Wrong.


    Two Tunesian biologists found that a diet with more fat and less carbohydrates actually promotes the amount of glycogen in muscle tissue. Just as I hoped it would be. Let's see what happens in the weeks to come


    I read about this in Dutch, but the original can be found here: http://linkinghub.elsevier.com/retri...65159707001220. unfortunately I have no access to the full article...


  5. #5
    Graeme's Avatar
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    On keep us posted on your results!!


  6. #6
    Get Primal's Avatar
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    I have no studies to cite, simply my recent experience. Over the last year I've participated in ultra distance events while eating a primal diet with low carb content. Results have been great, no fall-off from where I was when I was consuming a typical runner's diet. This past weekend was the real test however. I had a marathon, which has always been considered the ultimate test of glycogen storage and preservation. I maintained my low carb primal diet all the way through the event, including a race morning breakfast of 4 hard boiled eggs. Nothing else. The day was extremely hot so times were not optimal, but I figured my fitness was about 3:05 and I ran 3:12. Nobody else I know was that close to their goal times. The lack of carbohydrate loading to optimize glycogen stores didn't seem to hinder me at all.


  7. #7
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    What is the accepted wisdom for "in race" fueling in the primal method? I am going to be doing some multi-hour cycling (medium intensity) and am wondering what, if anything to eat during..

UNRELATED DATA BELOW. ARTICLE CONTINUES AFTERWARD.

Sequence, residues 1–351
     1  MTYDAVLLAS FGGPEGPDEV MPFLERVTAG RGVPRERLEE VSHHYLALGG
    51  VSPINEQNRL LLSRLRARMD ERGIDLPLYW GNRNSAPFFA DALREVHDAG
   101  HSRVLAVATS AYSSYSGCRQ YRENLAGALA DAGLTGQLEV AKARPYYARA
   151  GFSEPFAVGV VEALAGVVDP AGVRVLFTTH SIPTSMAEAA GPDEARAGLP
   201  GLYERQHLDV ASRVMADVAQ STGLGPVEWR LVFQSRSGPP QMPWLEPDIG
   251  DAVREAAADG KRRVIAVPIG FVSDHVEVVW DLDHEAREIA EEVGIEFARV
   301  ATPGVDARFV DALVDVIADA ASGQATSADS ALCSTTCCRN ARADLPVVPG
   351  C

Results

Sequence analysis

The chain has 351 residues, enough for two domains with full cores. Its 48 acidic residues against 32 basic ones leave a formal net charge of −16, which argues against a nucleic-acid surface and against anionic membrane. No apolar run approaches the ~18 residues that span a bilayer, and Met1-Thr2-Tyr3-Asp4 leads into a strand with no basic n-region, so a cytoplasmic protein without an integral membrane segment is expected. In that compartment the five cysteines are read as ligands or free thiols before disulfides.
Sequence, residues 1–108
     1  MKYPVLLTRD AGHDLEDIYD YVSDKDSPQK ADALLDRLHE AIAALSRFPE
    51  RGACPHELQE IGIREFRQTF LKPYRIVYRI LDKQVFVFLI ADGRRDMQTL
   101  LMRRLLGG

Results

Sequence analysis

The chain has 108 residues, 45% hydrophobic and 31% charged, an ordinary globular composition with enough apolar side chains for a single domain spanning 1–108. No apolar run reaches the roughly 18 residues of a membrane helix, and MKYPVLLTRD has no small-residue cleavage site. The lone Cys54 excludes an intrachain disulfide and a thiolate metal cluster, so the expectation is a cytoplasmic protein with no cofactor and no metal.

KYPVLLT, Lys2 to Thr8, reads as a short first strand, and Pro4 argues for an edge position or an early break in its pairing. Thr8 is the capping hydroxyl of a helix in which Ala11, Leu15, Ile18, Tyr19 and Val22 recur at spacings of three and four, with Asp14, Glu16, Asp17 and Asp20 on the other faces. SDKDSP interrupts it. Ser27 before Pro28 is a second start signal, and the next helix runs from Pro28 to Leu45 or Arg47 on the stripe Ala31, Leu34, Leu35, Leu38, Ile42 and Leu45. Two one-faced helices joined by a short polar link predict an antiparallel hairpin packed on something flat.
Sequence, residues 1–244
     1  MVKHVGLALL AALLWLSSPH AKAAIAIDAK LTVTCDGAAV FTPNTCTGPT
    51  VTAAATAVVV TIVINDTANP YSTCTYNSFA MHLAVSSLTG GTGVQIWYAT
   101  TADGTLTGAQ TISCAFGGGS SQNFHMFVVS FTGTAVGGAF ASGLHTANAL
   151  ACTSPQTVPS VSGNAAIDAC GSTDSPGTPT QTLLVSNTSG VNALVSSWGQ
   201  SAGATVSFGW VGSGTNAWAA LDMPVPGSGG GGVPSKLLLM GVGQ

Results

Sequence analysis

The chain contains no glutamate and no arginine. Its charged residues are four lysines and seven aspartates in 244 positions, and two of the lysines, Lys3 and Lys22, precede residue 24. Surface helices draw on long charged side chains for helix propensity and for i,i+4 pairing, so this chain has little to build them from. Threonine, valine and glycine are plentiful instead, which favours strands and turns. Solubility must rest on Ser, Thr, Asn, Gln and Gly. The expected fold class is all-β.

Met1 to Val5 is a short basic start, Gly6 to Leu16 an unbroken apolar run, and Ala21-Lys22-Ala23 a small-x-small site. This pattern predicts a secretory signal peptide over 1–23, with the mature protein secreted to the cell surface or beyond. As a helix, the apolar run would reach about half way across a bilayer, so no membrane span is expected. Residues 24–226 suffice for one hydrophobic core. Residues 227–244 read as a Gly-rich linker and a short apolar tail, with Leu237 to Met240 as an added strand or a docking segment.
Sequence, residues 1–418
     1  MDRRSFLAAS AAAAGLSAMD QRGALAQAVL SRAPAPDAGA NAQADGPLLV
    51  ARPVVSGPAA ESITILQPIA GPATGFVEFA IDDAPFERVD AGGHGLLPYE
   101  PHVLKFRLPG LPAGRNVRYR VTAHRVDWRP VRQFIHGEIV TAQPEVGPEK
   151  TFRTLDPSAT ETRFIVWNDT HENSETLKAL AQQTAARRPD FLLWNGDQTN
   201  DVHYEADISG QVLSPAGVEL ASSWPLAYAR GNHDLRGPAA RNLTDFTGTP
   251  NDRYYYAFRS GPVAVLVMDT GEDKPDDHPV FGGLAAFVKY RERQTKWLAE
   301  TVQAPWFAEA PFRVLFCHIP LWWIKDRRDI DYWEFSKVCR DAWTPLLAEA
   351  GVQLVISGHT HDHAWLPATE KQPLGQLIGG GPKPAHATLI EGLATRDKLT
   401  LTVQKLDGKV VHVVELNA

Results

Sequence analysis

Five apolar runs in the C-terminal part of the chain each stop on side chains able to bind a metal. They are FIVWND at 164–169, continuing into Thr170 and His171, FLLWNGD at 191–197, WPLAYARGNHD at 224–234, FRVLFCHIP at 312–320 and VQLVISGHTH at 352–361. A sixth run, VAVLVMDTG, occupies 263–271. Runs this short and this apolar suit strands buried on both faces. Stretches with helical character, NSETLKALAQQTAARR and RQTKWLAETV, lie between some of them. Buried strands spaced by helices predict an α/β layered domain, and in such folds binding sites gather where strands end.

8. #8
    FlyNavyWife's Avatar
    FlyNavyWife is offline Senior Member
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    Get Primal, congratulations! That is so awesome!


    joeag, steak in your pocket... just munch when you need a boost.


    (kidding obviously. I have no clue)

    Eating lots but still hungry? Eat more fat. Mid-day sluggishness? Eat more fat. Feeling depressed or irritable? Eat more fat. People think you've developed an eating disorder? Eat more fat... in front of them.

  9. #9
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    I'd theorize (note, have not tried in practice) that something with medium chain triglycerides, like coconut oil, would be best. They can be directly absorbed and used without need for the same bile salts, transporter proteins, etc. as longer chain saturated fatty acids. That would make them more immediately available to you in a race, and wouldn't produce any insulin that would shut down your access to in-body fat stores.


  10. #10
    Get Primal's Avatar
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    Primal Blueprint Expert Certification


    In a recent 24 hour race I had unlimited access to my food supply and used the Primal Pumpkin Loaf that I posted on here this morning. Nothing has ever sat so well in my stomach during a race. I suppose in a biking event you could carry it fairly easily, running is more difficult unless you have a special event like mine was.


    I've often thought about the coconut oil as fuel. I've tried actual coconut flesh and it didn't sit well with me. I wonder about coconut butter, a happy medium?? Would it be possible to melt down coconut butter, form into blocks or balls, then cool so they could be carried? Not sure about the consistency and whether they would stay together, I usually just melt mine over eggs.